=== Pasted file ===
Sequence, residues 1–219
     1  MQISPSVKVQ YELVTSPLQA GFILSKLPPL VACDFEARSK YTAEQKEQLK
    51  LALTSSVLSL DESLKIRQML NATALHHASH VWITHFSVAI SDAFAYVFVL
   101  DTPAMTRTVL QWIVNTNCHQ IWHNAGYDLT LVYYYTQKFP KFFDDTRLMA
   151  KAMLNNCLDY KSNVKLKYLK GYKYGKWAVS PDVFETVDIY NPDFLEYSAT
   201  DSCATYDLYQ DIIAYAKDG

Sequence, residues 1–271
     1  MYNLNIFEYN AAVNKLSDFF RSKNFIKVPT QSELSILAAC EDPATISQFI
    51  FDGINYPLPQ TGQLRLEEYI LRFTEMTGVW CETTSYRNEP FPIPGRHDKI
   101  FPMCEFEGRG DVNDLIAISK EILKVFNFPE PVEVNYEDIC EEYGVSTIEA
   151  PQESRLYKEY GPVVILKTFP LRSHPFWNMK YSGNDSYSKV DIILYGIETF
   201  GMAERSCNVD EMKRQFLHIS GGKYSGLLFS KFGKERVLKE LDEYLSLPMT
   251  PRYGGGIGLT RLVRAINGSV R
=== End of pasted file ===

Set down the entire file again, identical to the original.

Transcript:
Sequence, residues 1–219
     1  MQISPSVKVQ YELVTSPLQA GFILSKLPPL VACDFEARSK YTAEQKEQLK
    51  LALTSSVLSL DESLKIRQML NATALHHASH VWITHFSVAI SDAFAYVFVL
   101  DTPAMTRTVL QWIVNTNCHQ IWHNAGYDLT LVYYYTQKFP KFFDDTRLMA
   151  KAMLNNCLDY KSNVKLKYLK GYKYGKWAVS PDVFETVDIY NPDFLEYSAT
   201  DSCATYDLYQ DIIAYAKDG

Sequence, residues 1–271
     1  MYNLNIFEYN AAVNKLSDFF RSKNFIKVPT QSELSILAAC EDPATISQFI
    51  FDGINYPLPQ TGQLRLEEYI LRFTEMTGVW CETTSYRNEP FPIPGRHDKI
   101  FPMCEFEGRG DVNDLIAISK EILKVFNFPE PVEVNYEDIC EEYGVSTIEA
   151  PQESRLYKEY GPVVILKTFP LRSHPFWNMK YSGNDSYSKV DIILYGIETF
   201  GMAERSCNVD EMKRQFLHIS GGKYSGLLFS KFGKERVLKE LDEYLSLPMT
   251  PRYGGGIGLT RLVRAINGSV R